Bob Irwin is a perfectionist. For him, mastering a record is no simple matter of putting up a tape and cutting a lacquer. He went through months of painstaking hell and dozens of lacquers trying to match the on-the-fly mastering moves made for the original pressing of Love’s classic Forever Changes album, for instance. He’s not looking forward to going through that again.

Meanwhile, Irwin checked around and found out that the major labels got all of their masters and parts back, no questions asked. Why? Probably because they have teams of attorneys at the ready and the resources to fight back. UMG was very particular about which companies it would steamroll: small, defenseless indie labels.

But that wasn’t the only call Irwin had received from UMG that he told us about during the Carnegie Deli dinner. UNI had discovered a stash of extra Sundazed record labels. These had not yet been paid for and belonged to UMG, but the company had no use for them; given the 15-year relationship with Sundazed, what would have been the big deal about just letting Sundazed have them? But again, UMG set Sundazed a price, a deadline, and an ultimatum: Buy them or they’ll be destroyed. Because the cost of reprinting was greater than what UMG was asking, Sundazed chose to accept, but when a Sundazed employee called—well within UMG’s deadline—to close the deal, she was told that the labels had already been destroyed.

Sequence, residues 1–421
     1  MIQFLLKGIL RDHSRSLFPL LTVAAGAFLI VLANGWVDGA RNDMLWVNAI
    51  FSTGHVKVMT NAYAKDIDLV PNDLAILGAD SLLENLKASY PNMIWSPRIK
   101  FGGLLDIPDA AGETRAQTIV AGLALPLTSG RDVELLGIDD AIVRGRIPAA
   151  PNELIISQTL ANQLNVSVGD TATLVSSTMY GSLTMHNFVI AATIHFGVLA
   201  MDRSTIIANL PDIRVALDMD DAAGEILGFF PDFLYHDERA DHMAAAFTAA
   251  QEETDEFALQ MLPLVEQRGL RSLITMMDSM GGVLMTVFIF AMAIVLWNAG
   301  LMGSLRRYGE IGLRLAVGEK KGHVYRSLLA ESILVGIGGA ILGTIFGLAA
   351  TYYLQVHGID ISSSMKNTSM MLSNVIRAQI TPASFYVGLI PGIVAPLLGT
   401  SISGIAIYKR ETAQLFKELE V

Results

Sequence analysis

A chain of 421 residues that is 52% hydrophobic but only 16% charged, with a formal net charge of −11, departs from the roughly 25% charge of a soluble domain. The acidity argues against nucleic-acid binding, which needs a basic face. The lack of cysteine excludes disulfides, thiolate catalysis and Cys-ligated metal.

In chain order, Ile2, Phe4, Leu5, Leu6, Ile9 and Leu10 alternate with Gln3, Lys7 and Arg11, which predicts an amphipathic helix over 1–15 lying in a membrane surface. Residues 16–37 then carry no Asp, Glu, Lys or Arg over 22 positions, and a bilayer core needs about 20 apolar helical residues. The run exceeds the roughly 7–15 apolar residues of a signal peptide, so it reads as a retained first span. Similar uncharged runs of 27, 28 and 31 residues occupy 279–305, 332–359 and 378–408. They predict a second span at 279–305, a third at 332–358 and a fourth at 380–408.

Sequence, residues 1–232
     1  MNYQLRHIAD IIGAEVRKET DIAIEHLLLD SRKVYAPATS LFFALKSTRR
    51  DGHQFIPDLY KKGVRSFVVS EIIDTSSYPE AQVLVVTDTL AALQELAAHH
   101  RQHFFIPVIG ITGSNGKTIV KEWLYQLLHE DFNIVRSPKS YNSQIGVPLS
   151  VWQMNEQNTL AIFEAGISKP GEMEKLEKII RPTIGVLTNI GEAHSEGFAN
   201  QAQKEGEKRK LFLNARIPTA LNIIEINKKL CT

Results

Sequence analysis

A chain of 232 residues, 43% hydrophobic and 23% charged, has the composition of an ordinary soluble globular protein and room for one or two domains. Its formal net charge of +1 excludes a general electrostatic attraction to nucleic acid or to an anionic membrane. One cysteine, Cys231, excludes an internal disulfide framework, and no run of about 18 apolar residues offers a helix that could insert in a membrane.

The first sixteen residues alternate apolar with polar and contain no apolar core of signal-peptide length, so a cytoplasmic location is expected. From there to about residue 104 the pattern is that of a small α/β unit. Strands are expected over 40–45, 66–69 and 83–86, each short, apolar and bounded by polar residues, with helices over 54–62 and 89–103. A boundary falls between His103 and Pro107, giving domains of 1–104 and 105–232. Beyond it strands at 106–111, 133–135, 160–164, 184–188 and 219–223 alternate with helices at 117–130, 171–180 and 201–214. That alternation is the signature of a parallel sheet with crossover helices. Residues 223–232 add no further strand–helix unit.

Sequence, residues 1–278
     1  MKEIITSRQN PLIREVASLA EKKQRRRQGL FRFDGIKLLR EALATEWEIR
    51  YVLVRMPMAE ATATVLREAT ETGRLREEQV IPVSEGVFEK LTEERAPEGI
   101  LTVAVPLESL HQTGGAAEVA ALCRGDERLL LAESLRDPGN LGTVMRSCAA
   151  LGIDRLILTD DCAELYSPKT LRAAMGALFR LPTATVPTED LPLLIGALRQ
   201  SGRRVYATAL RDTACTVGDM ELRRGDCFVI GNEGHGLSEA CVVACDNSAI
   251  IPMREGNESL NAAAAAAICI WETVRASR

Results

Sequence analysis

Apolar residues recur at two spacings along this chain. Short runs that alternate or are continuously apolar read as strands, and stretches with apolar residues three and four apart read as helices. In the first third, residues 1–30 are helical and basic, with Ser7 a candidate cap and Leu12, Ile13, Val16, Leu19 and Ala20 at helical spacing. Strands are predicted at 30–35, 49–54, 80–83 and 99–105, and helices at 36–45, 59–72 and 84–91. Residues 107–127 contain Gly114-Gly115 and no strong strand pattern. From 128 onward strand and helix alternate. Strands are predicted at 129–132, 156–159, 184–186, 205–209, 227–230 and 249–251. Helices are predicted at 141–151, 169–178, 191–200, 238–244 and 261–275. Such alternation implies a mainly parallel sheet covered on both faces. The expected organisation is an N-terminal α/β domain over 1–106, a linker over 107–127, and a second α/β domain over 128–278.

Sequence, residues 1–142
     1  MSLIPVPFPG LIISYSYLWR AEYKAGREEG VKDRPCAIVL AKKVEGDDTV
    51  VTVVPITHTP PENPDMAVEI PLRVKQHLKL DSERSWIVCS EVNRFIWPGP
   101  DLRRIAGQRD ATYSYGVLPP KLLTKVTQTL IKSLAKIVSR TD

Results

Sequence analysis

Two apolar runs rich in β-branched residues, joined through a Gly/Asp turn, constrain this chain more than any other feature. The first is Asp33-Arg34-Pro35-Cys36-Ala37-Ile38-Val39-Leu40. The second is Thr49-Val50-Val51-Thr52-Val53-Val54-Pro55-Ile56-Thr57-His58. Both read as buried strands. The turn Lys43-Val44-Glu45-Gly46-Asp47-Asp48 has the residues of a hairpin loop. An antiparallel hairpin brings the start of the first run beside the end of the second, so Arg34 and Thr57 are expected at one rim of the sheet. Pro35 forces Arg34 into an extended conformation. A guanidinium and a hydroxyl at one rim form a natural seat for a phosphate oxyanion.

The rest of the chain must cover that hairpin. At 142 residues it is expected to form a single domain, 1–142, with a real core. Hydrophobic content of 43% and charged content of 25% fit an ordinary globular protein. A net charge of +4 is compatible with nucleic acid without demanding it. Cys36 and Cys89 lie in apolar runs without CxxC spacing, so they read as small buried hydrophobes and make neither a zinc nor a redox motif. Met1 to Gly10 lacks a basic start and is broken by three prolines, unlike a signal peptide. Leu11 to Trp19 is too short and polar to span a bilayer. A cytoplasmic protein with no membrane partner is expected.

According to Irwin, UMG’s 180gm presses have been bought by and shipped to United Record Pressing in Nashville, Tennessee. Fortunately, Sundazed already had a great relationship with United: all of the label’s 7" 45rpms are pressed there and have been for years. Sundazed’s 180gm LPs will now be made there as well, pressed on the same machines formerly located in Gloversville. Irwin and I made plans to fly down and visit the United plant sometime in June. Hopefully, by the time you read this, we’ll have been there.

On with the Show!

Vintage Thorens Reference Turntable
The Home Entertainment 2005 Show was an odd mix of products and companies. It’s expensive to produce a show in New York City, and consequently expensive to exhibit. Many of the major players in high-performance audio stayed away, but many upstarts chose to play, hoping to get noticed by consumers and the press. The infusion of new and, in some cases, young talent and capital into a supposedly fading industry gave many veterans a much-needed shot of optimism.

The home theater side was equally underrepresented. New Jersey–based Samsung mounted a big display of new products, but Panasonic, Toshiba, and other locally based companies stayed home, as did Sony. Thomson (RCA) was there, as were Yamaha and computer maker Hewlett-Packard, the latter making a big push for “convergence.” Speaking of which, Peter Tribeman’s Internet-only Outlaw Audio produced an impressive home theater demo, but in the corner of the room demoed the company’s new RR 2150 two-channel receiver ($599), complete with a moving-magnet/moving-coil phono preamp that Tribeman said was hardly an afterthought. To back up his contention, they spun black discs on a Pro-Ject turntable that I was pressed into service to set up before the show began. XM Satellite was there, but Sirius was a no-show.

Only one major local retailer, Sound by Singer, chose to participate. Innovative, Lyric, CSA, and the rest were missing and missed. Smaller dealers, such as In Living Stereo and Rhapsody Audio, did make the effort.

The press turnout at HE2005—612 journalists from around the globe were registered— was excellent. The official attendance figure was 13,000 consumers, along with 2500 members of the trade; most exhibitors with whom I spoke were quite satisfied with the quantity and especially the quality of the turnout.